TopCoder problem "T9" used in Member SRM 468 (Division I Level One , Division II Level Two)

Problem Statement

    The old fashioned king does not know how to SMS and thus he is having problems sending messages to the queen. In particular, he is having a problem with a feature called T9.

In T9, the set of alphabets are partitioned into 9 sets, where the i-th set of characters (1-based) denotes the possible characters that may be typed by pressing digit i. For this problem, we will use strings to denote a set of characters. On a standard modern cell phone, the following partition is used

	{"", "abc", "def", "ghi", "jkl", "mno", "pqrs", "tuv", "wxyz"}
For the partition above, pressing 2 may output 'a', 'b' or 'c'; pressing 3 may output 'd', 'e' or 'f'; and so on. Pressing 223 can give you various outputs of the form "(abc)(abc)(def)" where (XYZ) means that the letter can be either X or Y or Z. For example, a few possible outputs are "ace", "bad" and "bbe".

However, not all possible outputs are dictionary words (like "bbe" is not a dictionary word), and thus these outputs do not make sense. The cell phone considers only those outputs which correspond to dictionary words. Suppose that there are only two possible dictionary words from "(abc)(abc)(def)" - namely, "ace" and "bad". Then, the keystrokes 223 gives the output "ace", and the keystrokes 223# gives the output "bad". In general if a certain number (like 223) corresponds to multiple dictionary words, then the number followed by n hashes ('#') is used to type the n-th dictionary word (0-based) from the lexographically sorted list of dictionary words corresponding to the number. Sometimes the number of hashes typed can be quite large. Hence, we have a special character star ('*') which is equivalent to 5 contiguous hashes. The digit 0 is used to type a space.

The king needs to type a text using T9. The text is a String that consists of lowercase letters ('a'-'z') and space characters (' '). A word is a maximal contiguous substring of the text that contains only lowercase letters ('a'-'z'). The only way the king can type a word is by first pressing a non-empty sequence of digits ('1'-'9') followed by a (possibly emtpy) sequence of characters '#' and/or '*'. You will be given a String[] part whose i-th element (1-based) is the set of alphabets which correspond to the digit i. You will also be given a String[] dict that represents a set of all dictionary words, where each element is a single word. Finally, you will be given a String[] keystr. Concatenate the elements of keystr in the same order as they are given to obtain a String. This String represents the keystrokes pressed by the king. To help the king, return the text that will result when the given keystrokes are pressed. You may assume that the given keystrokes are valid, i.e. each maximal contiguous substring that doesn't contain '0' characters starts from non-empty sequence of digits ('1'-'9') and then is optionally continued with a sequence of '#' and/or '*' characters. You may also assume that each such substring corresponds to a word from dict.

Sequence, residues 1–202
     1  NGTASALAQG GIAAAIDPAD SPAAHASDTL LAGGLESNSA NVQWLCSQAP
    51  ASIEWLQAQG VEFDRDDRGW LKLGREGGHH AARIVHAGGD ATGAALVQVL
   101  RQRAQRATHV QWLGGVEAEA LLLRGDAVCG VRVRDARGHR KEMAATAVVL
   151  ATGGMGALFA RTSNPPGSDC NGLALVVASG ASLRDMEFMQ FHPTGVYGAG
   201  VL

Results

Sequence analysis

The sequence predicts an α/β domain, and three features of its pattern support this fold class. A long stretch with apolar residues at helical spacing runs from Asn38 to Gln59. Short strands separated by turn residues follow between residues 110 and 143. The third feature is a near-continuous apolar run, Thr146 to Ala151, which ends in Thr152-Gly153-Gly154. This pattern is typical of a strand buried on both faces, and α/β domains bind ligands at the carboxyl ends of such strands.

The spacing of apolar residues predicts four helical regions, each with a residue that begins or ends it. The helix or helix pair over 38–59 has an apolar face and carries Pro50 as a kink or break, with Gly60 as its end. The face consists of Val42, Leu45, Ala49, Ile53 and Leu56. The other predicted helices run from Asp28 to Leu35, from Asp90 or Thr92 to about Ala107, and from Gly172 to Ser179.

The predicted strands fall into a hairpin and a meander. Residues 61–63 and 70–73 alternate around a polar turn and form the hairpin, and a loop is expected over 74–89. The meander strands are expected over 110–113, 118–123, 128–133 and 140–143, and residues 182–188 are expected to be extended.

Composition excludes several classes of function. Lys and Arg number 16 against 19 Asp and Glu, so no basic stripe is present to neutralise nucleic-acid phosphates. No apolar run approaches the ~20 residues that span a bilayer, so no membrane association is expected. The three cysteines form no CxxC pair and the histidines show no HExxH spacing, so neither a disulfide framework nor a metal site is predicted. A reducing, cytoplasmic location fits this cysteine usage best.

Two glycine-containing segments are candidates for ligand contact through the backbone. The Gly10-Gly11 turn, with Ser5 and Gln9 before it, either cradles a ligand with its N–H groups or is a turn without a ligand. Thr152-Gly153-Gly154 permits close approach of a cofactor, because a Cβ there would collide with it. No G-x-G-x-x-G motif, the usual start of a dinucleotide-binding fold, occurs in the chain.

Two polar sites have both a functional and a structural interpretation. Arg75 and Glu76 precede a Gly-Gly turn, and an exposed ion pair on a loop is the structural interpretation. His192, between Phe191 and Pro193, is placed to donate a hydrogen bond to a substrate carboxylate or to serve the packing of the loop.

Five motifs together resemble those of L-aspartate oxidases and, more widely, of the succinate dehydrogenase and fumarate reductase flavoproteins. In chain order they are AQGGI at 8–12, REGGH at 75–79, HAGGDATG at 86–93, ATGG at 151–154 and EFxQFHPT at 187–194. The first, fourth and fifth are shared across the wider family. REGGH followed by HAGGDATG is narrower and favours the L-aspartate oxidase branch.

Parameters:String[], String[], String[]
Method signature:String message(String[] part, String[] dict, String[] keystr)
(be sure your method is public)


-A substring of a String is called maximal with respect to some property if it can't be extended to the left or to the right while maintaining the property.
-A string A is lexicographically less than another string B of the same length if there exists a position i such that each character of A before the i-th position is equal to the character at the corresponding position in B, and A[i] is less than B[i].
-For the purpose of this problem, a partition of alphabets into 9 sets may contain any number of empty sets.


-part will represent a valid partition of the 26 english alphabets into 9 sets, i.e. it will consist of exactly 9 elements and every letter from 'a' to 'z' will appear exactly once in exactly one of the elements of part.
-dict will contain between 1 and 50 elements, inclusive.
-Each element of dict will contain between 1 and 50 characters, inclusive.
-Each character in dict will be a lowercase letter 'a'-'z'.
-All elements of dict will be distinct.
-keystr will contain between 1 and 50 elements, inclusive.
-Each element of keystr will contain between 1 and 50 characters, inclusive.
-Each character in keystr will be one of '0'-'9', '#', '*'.
-The length of the resulting text will be between 1 and 1000, inclusive.
-The String obtained by concatenating the elements of keystr will represent a valid sequence of keystrokes (as explained in the statement).


{"", "abc", "def", "ghi", "jkl", "mno", "pqrs", "tuv", "wxyz"}
Returns: "bad bad"
{"", "abc", "def", "ghi", "jkl", "mno", "pqrs", "tuv", "wxyz"}
{"the", "tie"}
Returns: " tie   tie   "
There may be leading, trailing and contiguous spaces.
{"", "abc", "def", "ghi", "jkl", "mno", "pqrs", "tuv", "wxyz"}
{"bad", "ace", "aad", "aae", "aaf", "acf", "acd", "the", "tie"}
{"223#02", "23*#00843#0"}
Returns: "aae bad  tie "
Don't forget to concatenate the elements of keystr. Also, "*" is equivalent to "#####".
{"", "abc", "def", "ghi", "jkl", "mno", "pqrs", "tuv", "wxyz"}
{"the", "tie", "bad", "ace", "aad", "aae", "aaf", "acf", "acd"}
{"84300223#02", "23#*"}
Returns: "the  aae bad"
'*' may also appear after the '#'. All that matters is, it is equivalent to "#####".
{"", "abc", "def", "ghi", "jkl", "mno", "pqrs", "tuv", "wxyz"}
{"bad", "ace", "aad", "aae", "tie", "aaf", "acf", "acd", "the"}
{"223#02", "23######"}
Returns: "aae bad"
The king may use '*'. But it is not necessary that he uses it everytime he is allowed to use it.
{"", "rq", "lde", "yoauz", "cbfgn", "tjkpx", "wvs", "ih", "m"}
"  wqopvvmiig      hmthr     wqopvvmiig    vqoxswmiin    hmthr    melbcbqeeg  pxtgmfmyrdmhwm   "

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Rustyoldman , ivan_metelsky , mohamedafattah ,

Problem categories:

Simulation, String Manipulation